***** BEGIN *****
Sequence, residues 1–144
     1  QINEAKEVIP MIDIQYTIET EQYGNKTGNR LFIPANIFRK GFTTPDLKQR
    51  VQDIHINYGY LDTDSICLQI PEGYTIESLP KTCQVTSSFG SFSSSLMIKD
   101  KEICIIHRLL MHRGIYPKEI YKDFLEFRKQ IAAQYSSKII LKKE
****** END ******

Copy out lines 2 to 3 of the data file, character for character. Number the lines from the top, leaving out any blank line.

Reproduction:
     1  QINEAKEVIP MIDIQYTIET EQYGNKTGNR LFIPANIFRK GFTTPDLKQR
    51  VQDIHINYGY LDTDSICLQI PEGYTIESLP KTCQVTSSFG SFSSSLMIKD